One of the biggest icebergs ever recorded has broken away from Antarctica, scientists said Wednesday, creating an extra hazard for ships around the continent as it breaks up.
The 1 trillion-ton iceberg, measuring 5,800 square kilometers (2,239 square miles) — roughly half the size of Connecticut — calved away from the Larsen C ice shelf in Antarctica sometime between July 10 and 12, said scientists at the University of Swansea and the British Antarctic Survey.
The iceberg has been close to breaking off for a few months. Throughout the Antarctic winter, scientists monitored the progress of the rift in the ice shelf using European Space Agency satellites.
“The iceberg is one of the largest recorded and its future progress is difficult to predict,” said Adrian Luckman, professor at Swansea University and lead investigator of Project MIDAS, which has been monitoring the ice shelf for years.
“It may remain in one piece but is more likely to break into fragments. Some of the ice may remain in the area for decades, while parts of the iceberg may drift north into warmer waters,” he added.
In 2009, more than 150 passengers and crew were evacuated after the MTV Explorer sank after striking an iceberg off the Antarctic peninsula.
The iceberg, which is likely to be named A68, was already floating before it broke away, so there is no immediate impact on sea levels, but the calving has left the Larsen C ice shelf reduced in area by more than 12 percent.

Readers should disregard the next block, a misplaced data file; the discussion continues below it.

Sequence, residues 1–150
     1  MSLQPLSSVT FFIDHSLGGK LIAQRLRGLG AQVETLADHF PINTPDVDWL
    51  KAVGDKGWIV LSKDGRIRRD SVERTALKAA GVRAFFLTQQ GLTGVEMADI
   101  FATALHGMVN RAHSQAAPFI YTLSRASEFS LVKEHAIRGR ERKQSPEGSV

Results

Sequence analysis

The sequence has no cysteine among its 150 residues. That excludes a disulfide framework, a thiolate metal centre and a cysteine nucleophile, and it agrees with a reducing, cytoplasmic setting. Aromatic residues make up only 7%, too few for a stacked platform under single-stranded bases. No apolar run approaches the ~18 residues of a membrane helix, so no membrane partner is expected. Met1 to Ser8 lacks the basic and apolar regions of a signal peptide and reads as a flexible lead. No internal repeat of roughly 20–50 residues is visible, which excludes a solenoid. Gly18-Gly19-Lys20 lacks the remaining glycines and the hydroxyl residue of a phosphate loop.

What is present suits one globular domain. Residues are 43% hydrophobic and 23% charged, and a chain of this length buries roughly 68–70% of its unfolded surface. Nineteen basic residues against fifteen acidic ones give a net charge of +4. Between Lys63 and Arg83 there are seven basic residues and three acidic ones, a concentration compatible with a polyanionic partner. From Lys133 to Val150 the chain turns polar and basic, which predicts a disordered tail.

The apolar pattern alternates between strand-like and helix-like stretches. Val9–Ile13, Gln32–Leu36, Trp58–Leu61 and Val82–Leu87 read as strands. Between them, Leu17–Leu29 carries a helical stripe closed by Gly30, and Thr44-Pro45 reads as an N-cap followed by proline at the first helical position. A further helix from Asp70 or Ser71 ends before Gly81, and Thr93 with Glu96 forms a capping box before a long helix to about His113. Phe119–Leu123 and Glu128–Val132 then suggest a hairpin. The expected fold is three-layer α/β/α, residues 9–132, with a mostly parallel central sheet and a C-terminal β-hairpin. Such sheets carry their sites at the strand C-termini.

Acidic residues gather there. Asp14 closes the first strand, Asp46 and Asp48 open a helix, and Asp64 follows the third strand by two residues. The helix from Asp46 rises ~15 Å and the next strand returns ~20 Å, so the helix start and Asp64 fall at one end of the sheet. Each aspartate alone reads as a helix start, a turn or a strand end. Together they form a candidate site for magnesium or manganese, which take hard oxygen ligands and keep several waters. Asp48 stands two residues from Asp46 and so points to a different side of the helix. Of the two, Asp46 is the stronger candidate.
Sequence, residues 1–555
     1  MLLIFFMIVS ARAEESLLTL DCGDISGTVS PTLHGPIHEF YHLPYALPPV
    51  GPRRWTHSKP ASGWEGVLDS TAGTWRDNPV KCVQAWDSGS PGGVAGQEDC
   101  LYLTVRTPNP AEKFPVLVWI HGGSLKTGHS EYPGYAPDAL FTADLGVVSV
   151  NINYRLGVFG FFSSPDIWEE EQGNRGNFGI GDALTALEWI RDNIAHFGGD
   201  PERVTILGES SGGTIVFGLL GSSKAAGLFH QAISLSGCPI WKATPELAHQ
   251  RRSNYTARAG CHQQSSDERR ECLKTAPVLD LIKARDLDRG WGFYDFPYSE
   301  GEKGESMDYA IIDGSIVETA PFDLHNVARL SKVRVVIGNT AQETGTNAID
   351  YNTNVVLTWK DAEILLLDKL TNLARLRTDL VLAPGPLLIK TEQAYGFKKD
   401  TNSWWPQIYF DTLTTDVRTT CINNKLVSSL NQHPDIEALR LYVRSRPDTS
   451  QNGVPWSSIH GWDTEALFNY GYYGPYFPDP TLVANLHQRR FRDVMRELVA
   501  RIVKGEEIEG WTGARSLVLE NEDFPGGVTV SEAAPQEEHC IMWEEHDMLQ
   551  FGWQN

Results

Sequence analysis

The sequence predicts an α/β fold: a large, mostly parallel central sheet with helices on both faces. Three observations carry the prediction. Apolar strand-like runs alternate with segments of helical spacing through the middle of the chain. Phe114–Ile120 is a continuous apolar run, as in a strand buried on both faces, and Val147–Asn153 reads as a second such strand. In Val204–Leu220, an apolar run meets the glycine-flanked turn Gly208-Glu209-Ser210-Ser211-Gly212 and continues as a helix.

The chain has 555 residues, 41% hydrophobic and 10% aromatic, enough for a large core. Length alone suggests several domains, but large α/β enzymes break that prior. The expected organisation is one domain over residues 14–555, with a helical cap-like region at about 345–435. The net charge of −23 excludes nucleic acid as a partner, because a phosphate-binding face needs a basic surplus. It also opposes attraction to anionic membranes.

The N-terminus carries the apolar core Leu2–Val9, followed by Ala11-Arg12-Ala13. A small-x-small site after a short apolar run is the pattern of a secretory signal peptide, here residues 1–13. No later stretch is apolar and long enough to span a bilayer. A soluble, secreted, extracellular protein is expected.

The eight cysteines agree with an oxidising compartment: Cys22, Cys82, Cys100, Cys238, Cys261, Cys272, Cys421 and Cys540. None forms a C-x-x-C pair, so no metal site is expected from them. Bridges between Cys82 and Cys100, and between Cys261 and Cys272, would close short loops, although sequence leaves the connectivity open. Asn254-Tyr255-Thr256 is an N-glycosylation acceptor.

The Larsen A and B ice shelves, which were situated farther north on the Antarctic peninsula, collapsed in 1995 and 2002, respectively.
“This resulted in the dramatic acceleration of the glaciers behind them, with larger volumes of ice entering the ocean and contributing to sea level rise,” said David Vaughan, glaciologist and director of science at British Antarctic Survey.
“If Larsen C now starts to retreat significantly and eventually collapses, then we will see another contribution to sea level rise,” he added.
Big icebergs break off Antarctica naturally, meaning scientists are not linking the rift to man-made climate change. The ice, however, is a part of the Antarctic peninsula that has warmed fast in recent decades.
“In the ensuing months and years, the ice shelf could either gradually regrow, or may suffer further calving events which may eventually lead to collapse — opinions in the scientific community are divided,” Luckman said.
“Our models say it will be less stable, but any future collapse remains years or decades away.”
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